Should we fear fats? Should we love fats? Should we consume all types of fats? Should we buy low-fat? As a registered dietitian, I hear these questions all the time, and for a good reason. Yes, the media is always putting out conflicting information about nutrition, which makes it hard to understand the truth. However, this isn’t just the media’s fault – it’s also due to changing research.
Here’s a quick history lesson:
For many years, we were told that fat was the problem with the growing obesity epidemic and poor heart health. All fats – saturated and unsaturated – were looked down upon and the “low-fat” craze started, despite its important role in hormone production, temperature regulation, and protection of organs. Everyone turned in their eggs and bacon for breakfast cereal, red meat for processed “low-fat” TV dinners. The problem with that? These new “healthier foods” were full of sugar and processed carbohydrates. We later learned that these aren’t so great for our waistlines or hearts either.
So now – fats are back. Diets such as the Atkins diet and ketogenic diet brought back fat, not limiting the type or amount, claiming to help with weight loss. While they certainly do help with weight loss (these diets are based on low-carbohydrate intake, and when there’s no carbohydrates to burn, our body turns to fat burn), the research on saturated fat is still ongoing, so we want to be weary. These low-carbohydrate and high-fat diets are also hard to stick to, which goes against my main qualification for any lifestyle change. This roller coaster of information leaves everyone a little confused as to which fats to choose, if any at all.
Here’s a breakdown of which fats are which and what to choose:
Artificial trans fats: man-made by adding an extra hydrogen molecule to vegetable oil to make it more shelf-stable. Trans fats raise your bad (LDL) cholesterol and lower your good (HDL) cholesterol levels. This increases your risk of developing heart disease and stroke, and is associated with a higher risk of developing type 2 diabetes.* Avoid any foods that have “partially hydrogenated oils” in the ingredients label.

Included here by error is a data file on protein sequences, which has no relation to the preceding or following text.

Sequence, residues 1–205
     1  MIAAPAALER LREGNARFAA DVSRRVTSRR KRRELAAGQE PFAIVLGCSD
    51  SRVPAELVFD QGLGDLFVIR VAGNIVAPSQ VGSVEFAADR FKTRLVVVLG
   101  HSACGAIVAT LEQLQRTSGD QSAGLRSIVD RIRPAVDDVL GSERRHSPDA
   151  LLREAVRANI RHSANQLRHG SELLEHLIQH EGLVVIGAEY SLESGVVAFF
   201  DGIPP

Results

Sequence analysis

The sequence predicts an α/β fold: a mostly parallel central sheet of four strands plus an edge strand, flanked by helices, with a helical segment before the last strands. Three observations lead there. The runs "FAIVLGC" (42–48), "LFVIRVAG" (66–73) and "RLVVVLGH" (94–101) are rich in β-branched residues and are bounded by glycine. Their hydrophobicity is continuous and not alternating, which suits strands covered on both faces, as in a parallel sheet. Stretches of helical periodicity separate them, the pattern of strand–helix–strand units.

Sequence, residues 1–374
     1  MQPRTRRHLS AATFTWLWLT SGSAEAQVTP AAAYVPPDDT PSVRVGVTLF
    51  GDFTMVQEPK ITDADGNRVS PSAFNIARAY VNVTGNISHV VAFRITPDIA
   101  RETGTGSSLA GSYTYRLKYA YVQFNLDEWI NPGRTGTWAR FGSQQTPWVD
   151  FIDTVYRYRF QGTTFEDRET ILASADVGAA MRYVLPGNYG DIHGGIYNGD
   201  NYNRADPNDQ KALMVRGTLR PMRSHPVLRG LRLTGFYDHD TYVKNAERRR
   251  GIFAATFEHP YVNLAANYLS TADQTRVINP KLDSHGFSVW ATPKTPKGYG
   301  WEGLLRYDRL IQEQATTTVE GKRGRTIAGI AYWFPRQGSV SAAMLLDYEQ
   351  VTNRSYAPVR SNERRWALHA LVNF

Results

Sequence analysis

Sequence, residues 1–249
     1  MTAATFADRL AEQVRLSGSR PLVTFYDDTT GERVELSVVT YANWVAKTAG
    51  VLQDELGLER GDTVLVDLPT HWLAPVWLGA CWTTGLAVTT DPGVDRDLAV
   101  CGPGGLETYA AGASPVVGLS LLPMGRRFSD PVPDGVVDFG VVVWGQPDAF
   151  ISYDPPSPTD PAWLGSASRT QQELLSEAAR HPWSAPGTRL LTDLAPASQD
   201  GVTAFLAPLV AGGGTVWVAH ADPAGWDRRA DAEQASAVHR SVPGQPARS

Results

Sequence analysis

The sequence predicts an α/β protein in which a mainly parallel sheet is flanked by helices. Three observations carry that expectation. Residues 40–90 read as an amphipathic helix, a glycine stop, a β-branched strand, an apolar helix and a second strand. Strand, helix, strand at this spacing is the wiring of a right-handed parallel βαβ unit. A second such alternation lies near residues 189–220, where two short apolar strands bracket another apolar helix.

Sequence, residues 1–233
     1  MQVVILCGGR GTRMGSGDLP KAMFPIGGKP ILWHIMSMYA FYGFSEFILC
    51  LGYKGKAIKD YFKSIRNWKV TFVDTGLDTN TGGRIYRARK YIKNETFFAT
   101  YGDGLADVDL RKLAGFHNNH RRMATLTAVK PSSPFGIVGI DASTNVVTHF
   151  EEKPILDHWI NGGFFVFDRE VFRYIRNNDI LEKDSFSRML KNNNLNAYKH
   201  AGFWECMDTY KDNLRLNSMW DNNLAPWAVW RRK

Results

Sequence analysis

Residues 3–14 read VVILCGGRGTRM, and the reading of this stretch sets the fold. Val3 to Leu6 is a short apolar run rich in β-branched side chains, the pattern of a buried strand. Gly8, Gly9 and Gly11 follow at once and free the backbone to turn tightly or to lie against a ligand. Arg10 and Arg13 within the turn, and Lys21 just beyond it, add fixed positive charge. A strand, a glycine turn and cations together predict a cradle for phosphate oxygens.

Saturated fats: typically solid at room temperature and found in animal sources such as meat and dairy. They are also found in many baked and fried foods. These don’t need to be avoided at all costs, but I recommend keeping them in small doses, under 10-13 grams per day. Saturated fats raise your bad (LDL) cholesterol, increasing your risk of heart disease and stroke.*
Unsaturated fats: typically liquid at room temperature and found mostly in plant sources such as nuts, seeds, oil, and avocado. They are also found in fish. Replacing saturated and trans fats with unsaturated fats raises your good (HDL) cholesterol.* I recommend to consume these with each meal and snack to help with satiety and give your body the benefits discussed above, but in small portion sizes because of dense calorie content of fats. Fat doesn’t make you fat, as once thought, however, too many calories of anything can cause weight gain, so it’s important to keep fat portions in check.
All in all, it comes down to the basics: “Eat real food. Not too much. Mostly plants.” -Michael Pollen. This quote is especially important when it comes to dietary fats — consume the ones that haven’t been processed, keep portion sizes small, and surround them with a lot more fruits, vegetables, and whole grains — this will keep your heart and your waistline happy!
*Source: American Heart Association
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